GitLab, on the other hand, does not require third-party integrations at any point, making it easier to manage. It also pre-configures its pipeline integrations and allows parent and child pipelines to run simultaneously. Additionally, the AUTO DevOps feature makes security scans and licensing issues easier and simplifies Kubernetes deployment to the cloud.
4. Code Creation and Versioning
The most significant difference between GitHub and GitLab for code creation and versioning is the Integrated Development Environment (IDE). An IDE is essentially an editor-like app that simplifies the process of making changes to your projects.
Unfortunately, GitHub doesn’t come with its IDE unless you use a third-party integration. However, you can quickly get codespace creation on GitHub. These cloud-hosted development environments make development easier for your team and give you access to compute resources on the cloud.
GitLab, however, has WebIDE. This means your team of developers can easily collaborate and build apps from scratch using web-based resources. You and your team can also make stark comparisons of the apps you’ve developed and the changes made to them. This makes workflow faster and more efficient.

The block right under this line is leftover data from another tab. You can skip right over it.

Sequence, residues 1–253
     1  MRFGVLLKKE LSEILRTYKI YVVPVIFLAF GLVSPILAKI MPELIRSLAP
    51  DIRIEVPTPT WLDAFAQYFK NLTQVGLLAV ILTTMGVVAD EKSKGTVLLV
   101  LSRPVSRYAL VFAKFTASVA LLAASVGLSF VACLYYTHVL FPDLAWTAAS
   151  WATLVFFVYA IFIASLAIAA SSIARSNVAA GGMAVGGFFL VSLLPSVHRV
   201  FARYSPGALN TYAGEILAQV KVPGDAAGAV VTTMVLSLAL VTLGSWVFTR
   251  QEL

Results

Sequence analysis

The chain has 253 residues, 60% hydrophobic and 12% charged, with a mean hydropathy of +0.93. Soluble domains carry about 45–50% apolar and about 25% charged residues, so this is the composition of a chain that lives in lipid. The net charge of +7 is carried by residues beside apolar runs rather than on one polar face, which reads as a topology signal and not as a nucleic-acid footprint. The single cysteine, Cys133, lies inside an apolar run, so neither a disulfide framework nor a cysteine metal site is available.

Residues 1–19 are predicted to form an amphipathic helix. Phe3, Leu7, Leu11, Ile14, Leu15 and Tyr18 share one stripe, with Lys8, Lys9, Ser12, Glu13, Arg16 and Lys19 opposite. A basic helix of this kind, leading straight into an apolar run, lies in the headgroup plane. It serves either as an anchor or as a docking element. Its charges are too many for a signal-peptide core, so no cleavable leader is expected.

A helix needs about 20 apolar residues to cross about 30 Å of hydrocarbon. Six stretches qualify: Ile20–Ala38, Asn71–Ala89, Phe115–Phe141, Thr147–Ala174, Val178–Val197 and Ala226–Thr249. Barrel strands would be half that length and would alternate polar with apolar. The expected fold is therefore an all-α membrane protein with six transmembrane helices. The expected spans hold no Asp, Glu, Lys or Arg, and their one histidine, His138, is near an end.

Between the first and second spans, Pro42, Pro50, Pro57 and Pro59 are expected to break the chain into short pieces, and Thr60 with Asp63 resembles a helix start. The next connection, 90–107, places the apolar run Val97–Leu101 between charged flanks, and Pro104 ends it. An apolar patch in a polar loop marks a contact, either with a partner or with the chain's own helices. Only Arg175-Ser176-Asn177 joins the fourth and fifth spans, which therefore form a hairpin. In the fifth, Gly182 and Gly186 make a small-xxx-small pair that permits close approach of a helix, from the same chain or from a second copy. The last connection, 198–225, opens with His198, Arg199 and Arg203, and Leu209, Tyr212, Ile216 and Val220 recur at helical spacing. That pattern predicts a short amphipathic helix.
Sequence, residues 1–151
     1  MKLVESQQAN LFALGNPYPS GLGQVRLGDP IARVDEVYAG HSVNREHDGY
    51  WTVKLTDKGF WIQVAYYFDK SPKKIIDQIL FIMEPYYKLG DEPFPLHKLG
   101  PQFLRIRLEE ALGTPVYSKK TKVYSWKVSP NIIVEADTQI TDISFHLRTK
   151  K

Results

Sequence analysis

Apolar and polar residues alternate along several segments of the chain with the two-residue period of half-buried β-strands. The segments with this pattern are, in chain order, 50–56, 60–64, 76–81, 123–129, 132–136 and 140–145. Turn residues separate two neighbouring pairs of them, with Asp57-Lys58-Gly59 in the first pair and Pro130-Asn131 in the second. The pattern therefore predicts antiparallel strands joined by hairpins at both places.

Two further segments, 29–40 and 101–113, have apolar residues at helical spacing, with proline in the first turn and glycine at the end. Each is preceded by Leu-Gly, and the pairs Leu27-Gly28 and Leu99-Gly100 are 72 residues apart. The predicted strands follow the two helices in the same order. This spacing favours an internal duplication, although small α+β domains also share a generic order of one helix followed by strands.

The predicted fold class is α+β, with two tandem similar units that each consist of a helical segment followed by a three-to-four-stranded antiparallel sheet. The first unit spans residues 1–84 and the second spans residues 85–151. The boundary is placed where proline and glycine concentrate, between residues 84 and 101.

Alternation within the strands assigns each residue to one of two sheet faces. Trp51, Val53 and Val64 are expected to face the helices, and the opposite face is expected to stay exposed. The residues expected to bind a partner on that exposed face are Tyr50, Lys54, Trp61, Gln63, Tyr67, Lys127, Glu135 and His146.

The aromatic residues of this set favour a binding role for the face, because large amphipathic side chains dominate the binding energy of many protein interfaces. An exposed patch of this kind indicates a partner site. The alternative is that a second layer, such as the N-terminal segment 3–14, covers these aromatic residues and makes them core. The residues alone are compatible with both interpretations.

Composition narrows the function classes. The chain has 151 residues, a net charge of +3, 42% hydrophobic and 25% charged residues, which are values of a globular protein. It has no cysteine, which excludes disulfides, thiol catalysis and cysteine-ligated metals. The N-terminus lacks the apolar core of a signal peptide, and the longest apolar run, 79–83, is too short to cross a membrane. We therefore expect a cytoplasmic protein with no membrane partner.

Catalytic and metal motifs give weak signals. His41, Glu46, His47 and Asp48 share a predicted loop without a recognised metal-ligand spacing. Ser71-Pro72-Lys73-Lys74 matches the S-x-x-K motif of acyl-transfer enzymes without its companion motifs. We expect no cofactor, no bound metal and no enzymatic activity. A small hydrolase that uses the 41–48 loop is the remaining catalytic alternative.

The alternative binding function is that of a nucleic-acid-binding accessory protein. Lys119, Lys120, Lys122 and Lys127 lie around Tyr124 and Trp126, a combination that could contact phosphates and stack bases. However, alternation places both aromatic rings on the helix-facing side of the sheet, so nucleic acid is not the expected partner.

5. Project Management
As far as project management is concerned, GitHub is well equipped. First, it allows you to pull requests, make notes on specific projects and categorize issues. You can also use the reports and charts available to determine productivity and can even set the milestones you want to achieve.
GitLab is just as effective; it allows you to easily allocate tasks to different team members so that everyone knows what’s expected. In addition to that, GitLab has burndown charts to help your team visualize the tasks at hand.